The time between Jump School graduation and flying back to Germany seemed to drag on like a painful root canal procedure. I was acutely aware of how slowly time was moving. I had less than a week until my flight and I was extremely irritable. I couldn’t sleep. Where ever I went I noticed I was constantly checking my perimeter. Apparently, from the reactions I was getting from the men in my platoon, I wasn’t very open to socializing.
I had the ring, the round trip airline tickets and spending money safely stored in a hole in my mattress. My roomates, Cpl. Joe and C.J., were begining to share their aggravation over my double locking the door to our room every night. Their aggravation was met by my indifference.
I was beginning to sink into the mire of my experience and had absolutely no idea that the figurative ground I was standing on wasn’t solid.
I was able to report for duty, perform P.T. and complete my daily objectives without any difficulty. I was so fluent in my daily life that i could flow from task to task like water in a moving river. We were in a structured routine. The structure was my security blanket. I knew what was expected of me every day and I could perform my tasks without much effort. It was the down time and off duty hours that were beginning to torture me.
I was focused mainly on world events. Most soldiers are aware of whats going on in the world due to being questioned randomly by superiors in the chain of command. Once a year we would have to report to a board of our superiors in our dress uniform. While standing at the position of attention we would be asked random questions about military history, etiquette, our job responsibilities, weapons and current events. The questioning would take place while our uniforms, barracks common areas and personal hygiene were being inspected with a fine tooth comb.
To me the world had changed. I was beginning to see the differences between workers and decision makers. Workers, in my experience, were expendable. My friends and I were workers. Decision makers, by default, used the workers to become wealthy and advance their station in life. I was beginning to deeply resent decision makers and where they seemed to all come from: colleges.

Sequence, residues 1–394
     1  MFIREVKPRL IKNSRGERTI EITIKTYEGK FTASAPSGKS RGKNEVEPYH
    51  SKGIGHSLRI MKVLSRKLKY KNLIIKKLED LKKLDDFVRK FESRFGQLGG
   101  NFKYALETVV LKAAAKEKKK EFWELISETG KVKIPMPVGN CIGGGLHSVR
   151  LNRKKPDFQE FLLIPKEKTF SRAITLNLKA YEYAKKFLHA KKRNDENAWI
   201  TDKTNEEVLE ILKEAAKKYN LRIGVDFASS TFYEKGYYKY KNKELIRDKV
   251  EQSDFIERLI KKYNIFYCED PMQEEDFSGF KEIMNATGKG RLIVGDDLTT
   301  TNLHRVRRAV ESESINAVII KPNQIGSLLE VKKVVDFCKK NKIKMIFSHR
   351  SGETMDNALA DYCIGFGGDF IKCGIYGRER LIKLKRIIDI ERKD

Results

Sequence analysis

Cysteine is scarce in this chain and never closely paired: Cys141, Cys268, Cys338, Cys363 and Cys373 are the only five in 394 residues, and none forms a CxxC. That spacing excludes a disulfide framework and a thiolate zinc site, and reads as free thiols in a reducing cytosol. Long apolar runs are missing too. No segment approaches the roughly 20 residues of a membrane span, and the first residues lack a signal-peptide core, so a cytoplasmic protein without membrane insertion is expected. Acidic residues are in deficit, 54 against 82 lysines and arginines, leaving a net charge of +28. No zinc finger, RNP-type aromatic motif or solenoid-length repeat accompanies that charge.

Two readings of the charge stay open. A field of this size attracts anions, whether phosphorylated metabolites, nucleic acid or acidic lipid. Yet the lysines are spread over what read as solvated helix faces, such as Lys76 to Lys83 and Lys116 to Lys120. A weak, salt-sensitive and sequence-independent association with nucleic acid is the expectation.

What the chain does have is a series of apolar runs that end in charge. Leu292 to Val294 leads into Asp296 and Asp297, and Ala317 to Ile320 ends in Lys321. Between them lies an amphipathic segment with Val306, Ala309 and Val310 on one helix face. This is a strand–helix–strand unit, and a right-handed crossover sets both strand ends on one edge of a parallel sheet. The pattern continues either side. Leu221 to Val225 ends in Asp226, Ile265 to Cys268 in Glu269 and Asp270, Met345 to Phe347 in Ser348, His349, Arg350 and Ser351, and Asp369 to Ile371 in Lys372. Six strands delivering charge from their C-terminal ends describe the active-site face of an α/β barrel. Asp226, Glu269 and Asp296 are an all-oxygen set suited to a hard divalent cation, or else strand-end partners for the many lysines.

In the middle of the week sometime I received a phone call at the C.Q. desk after hours. Expecting to hear either my mom or dad on the other end of the line I was completely caught off guard by the reality. It was Bob, my friend from Germany. I was so overwhelmed with emotion that I couldn’t really speak coherently. He had to tell me to shut up in order for me to snap back to the conversation. He was telling me that he was getting out of the Army. He intended to return to Europe and marry one of the two females he was seeing while we were living there. He was offering me an open ended invitation to relocate to Holland with him.
I couldn’t get my bearings in the conversation, even with him constantly asking me, “Hey! Shit head! Are you hearing me?” I was trying to explain how I was going to Germany to propose to Annetta in a few days, however all I could mumble was, “I don’t know man, I just don’t know.”
He asked me about my tour through Ft. Benning so far and whether or not I liked being a grunt. I did manage to explain to him that I was awarded the E.F.M.B. and how I had just earned my Jump Wings. He couldn’t refrain himself from excitedly repeating, “I knew it! I always knew it!” He explained to me, quite clearly and in a matter of fact way, that he knew I would excel as a Medic in the Infantry. He asked me if they were calling me “Doc” yet and if I planned to go to Ranger School. I never got to answer those questions. I was being forced off the phone for exceeding my time allotment due to the waiting list.
We ended the conversation with him giving me the address to his mamas’ house in New Jersey. He said good bye and explained if I ever needed to find him I could find him by reaching his mama. I promised to check in on him from time to time.
I didn’t know that would be the last time I would ever speak to Spc. Daniel “Bob” Manion. Had I known, I would have told him how much he meant to me and that I missed him. He was murdered while walking alone through the streets of Amsterdam Holland a few years later.
I flew to Germany on a Thursday morning and arrived in Frankfurt the following day. Annetta had a man from her platoon pick me up at the airport. When I got to her barracks she was hosting a party. The room was packed with the unfamiliar faces of new replacement soldiers. She greeted me with a hug and floated around the room like a well polished socialite versed in the art of party planning. I watched her, from a corner of the over crowded room, as she weaved in and out of the groups of soldiers all fighting for her attention. I knew in that very moment that I had made a mistake.
I left the ring on top of her pillow with a note explaining how I had misread the situation. I thanked her for distracting me from the reality of loss in my final few months before leaving Germany. I told her I wanted to give her the ring as a token of my gratitude and explained I was leaving to go back to Ft. Benning.
I never heard from Annetta again.